Gov. Tom Wolf (D) proposed a four-year $4.5 billion infrastructure spending plan for Pennsylvania on Jan. 31 that includes funding for local road upgrades, new “flexible funding” options for businesses that need local infrastructure upgrades, plus monies for multimodal and large-scale transit capital projects – all paid for by a new “severance tax” on natural gas production.
[Above photo via the Pennsylvania Governor’s Office.]
Meantime, the state approved 50 highway, bridge, transit, aviation, and bike and pedestrian projects in 23 counties to share a total of $44.5 million in funding through its Multimodal Transportation Fund.
Gov. Wolf said his new infrastructure initiative – entitled Restore Pennsylvania – will focus on five areas: providing more high-speed internet access statewide; improving storm preparedness and disaster recovery programs; supporting infrastructure needs for manufacturing, business development, and the energy sector; addressing residential and commercial property “blight” and brownfield clean-up needs; plus, funding an array of transportation projects.
He added that the “severance tax” funding this plan will be tied to natural gas profitability; as producer profitability increases due to rising natural gas prices, the severance tax rate will increase as well.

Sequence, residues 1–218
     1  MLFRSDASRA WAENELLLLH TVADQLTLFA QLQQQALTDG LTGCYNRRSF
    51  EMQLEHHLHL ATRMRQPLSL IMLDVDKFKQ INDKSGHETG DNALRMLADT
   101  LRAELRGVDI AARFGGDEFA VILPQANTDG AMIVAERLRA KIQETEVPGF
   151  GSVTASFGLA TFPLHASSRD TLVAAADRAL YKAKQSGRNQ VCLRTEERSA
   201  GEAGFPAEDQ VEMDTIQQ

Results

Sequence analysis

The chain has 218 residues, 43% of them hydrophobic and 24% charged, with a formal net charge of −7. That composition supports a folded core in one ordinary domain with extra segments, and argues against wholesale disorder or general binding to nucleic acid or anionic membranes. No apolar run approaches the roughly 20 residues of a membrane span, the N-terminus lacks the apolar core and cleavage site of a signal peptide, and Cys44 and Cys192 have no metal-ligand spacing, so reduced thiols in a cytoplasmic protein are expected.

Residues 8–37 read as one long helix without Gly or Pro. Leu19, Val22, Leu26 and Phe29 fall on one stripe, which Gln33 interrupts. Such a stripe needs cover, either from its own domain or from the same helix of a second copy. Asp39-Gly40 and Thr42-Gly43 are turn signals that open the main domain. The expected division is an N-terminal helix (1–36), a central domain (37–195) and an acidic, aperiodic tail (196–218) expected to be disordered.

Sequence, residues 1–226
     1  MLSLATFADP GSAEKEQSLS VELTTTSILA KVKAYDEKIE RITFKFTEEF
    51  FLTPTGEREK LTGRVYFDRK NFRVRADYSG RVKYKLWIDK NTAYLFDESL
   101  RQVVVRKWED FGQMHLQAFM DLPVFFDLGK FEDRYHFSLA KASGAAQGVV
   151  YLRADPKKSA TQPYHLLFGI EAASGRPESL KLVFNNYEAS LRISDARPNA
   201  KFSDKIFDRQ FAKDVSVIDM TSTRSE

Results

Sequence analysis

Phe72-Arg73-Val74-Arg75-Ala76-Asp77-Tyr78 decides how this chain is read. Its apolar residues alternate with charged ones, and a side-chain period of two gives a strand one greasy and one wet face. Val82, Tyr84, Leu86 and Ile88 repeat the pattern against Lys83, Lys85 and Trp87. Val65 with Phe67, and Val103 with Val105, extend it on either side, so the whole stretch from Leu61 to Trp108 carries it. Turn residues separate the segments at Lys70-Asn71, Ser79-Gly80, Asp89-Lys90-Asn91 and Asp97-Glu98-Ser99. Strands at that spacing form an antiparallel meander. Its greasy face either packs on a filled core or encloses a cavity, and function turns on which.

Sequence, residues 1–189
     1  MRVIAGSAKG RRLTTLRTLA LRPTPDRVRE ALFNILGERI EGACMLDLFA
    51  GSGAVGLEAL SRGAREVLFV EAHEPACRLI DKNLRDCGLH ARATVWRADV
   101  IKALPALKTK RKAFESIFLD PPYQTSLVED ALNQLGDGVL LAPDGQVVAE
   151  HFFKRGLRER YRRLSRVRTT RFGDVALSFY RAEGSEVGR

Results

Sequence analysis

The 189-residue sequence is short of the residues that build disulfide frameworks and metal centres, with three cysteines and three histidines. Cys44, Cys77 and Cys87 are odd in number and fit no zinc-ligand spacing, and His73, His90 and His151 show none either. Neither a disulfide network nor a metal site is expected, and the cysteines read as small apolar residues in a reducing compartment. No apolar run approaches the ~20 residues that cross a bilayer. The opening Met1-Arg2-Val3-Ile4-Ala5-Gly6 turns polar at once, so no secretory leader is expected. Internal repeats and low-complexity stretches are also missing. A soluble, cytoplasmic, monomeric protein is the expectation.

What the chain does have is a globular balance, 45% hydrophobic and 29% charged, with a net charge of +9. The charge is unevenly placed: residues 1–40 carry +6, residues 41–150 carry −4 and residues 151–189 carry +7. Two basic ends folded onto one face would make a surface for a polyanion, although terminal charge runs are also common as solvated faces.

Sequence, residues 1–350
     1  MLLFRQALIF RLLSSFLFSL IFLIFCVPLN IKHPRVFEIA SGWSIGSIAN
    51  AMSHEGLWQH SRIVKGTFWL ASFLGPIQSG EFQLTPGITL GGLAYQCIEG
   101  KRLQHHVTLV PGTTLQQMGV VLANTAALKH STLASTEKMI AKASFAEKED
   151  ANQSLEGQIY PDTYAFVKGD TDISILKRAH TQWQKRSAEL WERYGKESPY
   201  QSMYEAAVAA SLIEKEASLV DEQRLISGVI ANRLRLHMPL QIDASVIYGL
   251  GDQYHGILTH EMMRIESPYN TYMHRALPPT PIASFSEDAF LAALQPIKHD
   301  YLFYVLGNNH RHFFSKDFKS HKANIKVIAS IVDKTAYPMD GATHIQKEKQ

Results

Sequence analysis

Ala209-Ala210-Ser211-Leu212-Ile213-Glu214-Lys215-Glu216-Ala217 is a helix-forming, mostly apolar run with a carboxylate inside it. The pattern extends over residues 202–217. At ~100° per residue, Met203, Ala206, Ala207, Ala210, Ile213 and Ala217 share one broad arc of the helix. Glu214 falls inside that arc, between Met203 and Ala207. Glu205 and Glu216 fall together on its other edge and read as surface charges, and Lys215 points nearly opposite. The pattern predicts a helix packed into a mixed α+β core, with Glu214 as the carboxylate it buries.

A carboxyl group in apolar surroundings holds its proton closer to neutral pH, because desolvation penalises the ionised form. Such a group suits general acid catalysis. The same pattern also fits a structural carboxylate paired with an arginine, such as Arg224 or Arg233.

“It is time to make sure Pennsylvania is a leader in the 21st century,” Gov. Wolf (at left in above photo) said in a statement. “We need to position all of our communities for success.”
He emphasized that “transportation is critical to connecting communities and economies, and we are an important partner in bringing progress across the state,” which is the reason behind the recent $44.5 million in multimodal funding grants the state made on Feb. 1.
“Whether we’re making roadways more accessible to all means of travel or creating new connections for businesses investing in our communities, transportation is integral to our quality of life,” Pennsylvania Department of Transportation Secretary Leslie Richards added in a statement. “These projects will bring long-lasting improvements across the state.”